A few years back, we represented a client who was involved in a life-changing accident. The insurance company did everything they could to discredit her injury claim. They even went as far as to hire a private investigator to sit outside her home and photograph every move she made in an attempt to prove she was not hurt.
Why do we share this story with you? Because an insurance company may be using this investigative tactic on you. But unlike our client in the story, they are doing it through your social media pages. Yep, you heard right. They are stalking your social media accounts.
On July 22, 2020, we recently came across this question on a private networking forum proposed by a Minnesota legal marketing company asking, “When we receive a charge or complaint, part of the investigation involves pulling up public information posted on the complainant/plaintiff’s social media sites. We are not friending the complainant/plaintiff, just checking publicly-available information on Facebook, LinkedIn, etc. Up to now, our paralegals have been using their own (legitimate) social media accounts, but they have asked the firm to create firm social media accounts that would be used solely for this purpose. We are concerned that if our paralegals use a firm account, even with the strictest privacy settings, we will show up in the complainant/plaintiff’s social media account as potential “friends” who have searched them or would like to connect with them. We are curious what other firms are doing to avoid being detected while searching social media sites.”
The fact is, it is perfectly legal for a defense firm to look for, print, and submit your social media postings, messages, and videos as evidence against you in a trial. Once upon a time, it wasn’t easy to sway a jury into believing that what was seen or read on social media accounts were accurate. Too many variables and skepticism made it ticky to convince a jury what they were seeing were produced and posted by the plaintiff. However, now that social media has become part of our daily lives and culture, it is much easier to convince a jury by merely providing a screenshot of your social media posts, messages, or viewing your YouTube channel.
Something as small as a location check-in or a family member tagging you can inadvertently arouse suspension and give the insurance company ammunition to use against you. There are ways to avoid this, and that is to think before you post. Here you will find some tips to help guide you through posting during your personal injury case:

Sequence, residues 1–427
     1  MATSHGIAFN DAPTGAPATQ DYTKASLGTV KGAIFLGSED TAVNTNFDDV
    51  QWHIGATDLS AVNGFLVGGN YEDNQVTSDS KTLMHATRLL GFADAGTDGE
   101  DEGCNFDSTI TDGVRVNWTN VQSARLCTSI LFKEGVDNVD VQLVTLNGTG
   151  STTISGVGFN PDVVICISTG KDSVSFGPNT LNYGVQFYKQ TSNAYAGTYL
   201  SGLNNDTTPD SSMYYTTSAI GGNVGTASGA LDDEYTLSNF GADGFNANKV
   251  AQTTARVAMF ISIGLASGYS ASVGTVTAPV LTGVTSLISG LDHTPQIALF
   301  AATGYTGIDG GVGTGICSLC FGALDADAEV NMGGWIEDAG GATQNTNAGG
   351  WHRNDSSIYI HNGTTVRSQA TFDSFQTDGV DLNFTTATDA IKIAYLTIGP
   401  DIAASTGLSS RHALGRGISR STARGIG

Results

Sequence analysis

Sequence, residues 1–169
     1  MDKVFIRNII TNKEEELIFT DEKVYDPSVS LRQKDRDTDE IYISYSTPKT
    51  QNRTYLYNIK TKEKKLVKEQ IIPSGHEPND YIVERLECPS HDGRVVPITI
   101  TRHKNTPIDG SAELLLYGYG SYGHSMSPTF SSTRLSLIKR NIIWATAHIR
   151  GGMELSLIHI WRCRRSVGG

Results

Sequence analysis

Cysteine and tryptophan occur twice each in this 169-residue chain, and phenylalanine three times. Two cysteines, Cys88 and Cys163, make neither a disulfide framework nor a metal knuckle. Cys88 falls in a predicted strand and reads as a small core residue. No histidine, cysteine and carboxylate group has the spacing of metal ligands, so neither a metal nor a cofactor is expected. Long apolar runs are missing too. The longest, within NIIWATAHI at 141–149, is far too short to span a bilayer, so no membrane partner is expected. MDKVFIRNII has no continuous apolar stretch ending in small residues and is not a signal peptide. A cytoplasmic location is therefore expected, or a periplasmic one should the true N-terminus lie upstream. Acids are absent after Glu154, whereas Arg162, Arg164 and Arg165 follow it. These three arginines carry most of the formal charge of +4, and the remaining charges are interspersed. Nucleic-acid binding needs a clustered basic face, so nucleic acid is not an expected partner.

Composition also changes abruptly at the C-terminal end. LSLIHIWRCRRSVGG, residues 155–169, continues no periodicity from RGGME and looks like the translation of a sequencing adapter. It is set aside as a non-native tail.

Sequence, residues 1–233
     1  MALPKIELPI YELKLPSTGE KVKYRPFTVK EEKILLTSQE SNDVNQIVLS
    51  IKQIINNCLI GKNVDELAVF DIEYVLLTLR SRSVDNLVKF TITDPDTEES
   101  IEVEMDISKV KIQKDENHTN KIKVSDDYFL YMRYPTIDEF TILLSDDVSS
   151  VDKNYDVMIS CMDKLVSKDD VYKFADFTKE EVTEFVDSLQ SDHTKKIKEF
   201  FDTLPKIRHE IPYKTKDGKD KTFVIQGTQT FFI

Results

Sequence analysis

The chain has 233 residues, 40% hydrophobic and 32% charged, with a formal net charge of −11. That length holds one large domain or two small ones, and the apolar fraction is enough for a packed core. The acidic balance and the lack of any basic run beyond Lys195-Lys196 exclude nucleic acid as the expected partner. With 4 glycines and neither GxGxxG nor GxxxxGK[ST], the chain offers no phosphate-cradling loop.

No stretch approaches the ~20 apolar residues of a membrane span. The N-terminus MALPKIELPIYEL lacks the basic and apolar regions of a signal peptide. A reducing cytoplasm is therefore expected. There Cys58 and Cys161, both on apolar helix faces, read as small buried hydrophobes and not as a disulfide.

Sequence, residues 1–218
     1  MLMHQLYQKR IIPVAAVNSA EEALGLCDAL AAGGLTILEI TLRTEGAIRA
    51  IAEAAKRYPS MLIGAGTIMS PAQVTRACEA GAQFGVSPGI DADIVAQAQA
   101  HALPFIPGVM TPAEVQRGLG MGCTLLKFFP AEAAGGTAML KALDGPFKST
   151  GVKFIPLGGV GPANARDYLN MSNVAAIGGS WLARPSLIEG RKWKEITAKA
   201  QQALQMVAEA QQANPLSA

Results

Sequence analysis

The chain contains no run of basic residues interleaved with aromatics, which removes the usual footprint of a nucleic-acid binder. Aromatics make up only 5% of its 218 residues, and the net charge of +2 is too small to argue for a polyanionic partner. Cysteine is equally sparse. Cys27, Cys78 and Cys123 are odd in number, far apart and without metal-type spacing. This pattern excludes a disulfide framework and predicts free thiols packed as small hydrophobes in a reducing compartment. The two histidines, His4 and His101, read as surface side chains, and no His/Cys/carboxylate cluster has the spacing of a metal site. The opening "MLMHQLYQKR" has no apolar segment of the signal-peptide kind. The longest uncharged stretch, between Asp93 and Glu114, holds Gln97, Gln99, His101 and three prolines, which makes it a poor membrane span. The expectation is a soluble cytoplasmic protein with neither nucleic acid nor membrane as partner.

Do not post or respond to any comments or images of the accident. Instead, call your family and friends with updates. We’re sure they will appreciate hearing your voice.
Do not post details of your medical treatments, diagnoses, or conversations with your doctor or attorney. All this information is private anyway, so…keep it private.
Ignore those friend requests. Remember the investigator in our story; it could be him.
Do not post videos of you dancing, drinking, partying, or your travels. That TikTok video you made while self-isolating was good, but the insurance company will think it’s amazing when they use it against you in court.
Do not share images and comments on how you want to spend your settlement money. Sometimes settlement amounts are confidential, so “mums” the word.
Do have that conversation with friends and family about what they are sharing on their socials too. That private investigator could be coming for them also.
When in doubt, don’t post it. And if you’re unsure, give us a call, we’ll point you in the right direction.
To learn more about the case mentioned in this Blog, follow the link.
*The information provided in this article does not, and is not intended to, constitute legal advice; instead, all information, content, and materials available for information purposes only. The information provided should not be construed to be formal legal advice nor the formation of a lawyer-client relationship. The choice of a lawyer is an important decision and should not be based solely upon an advertisement.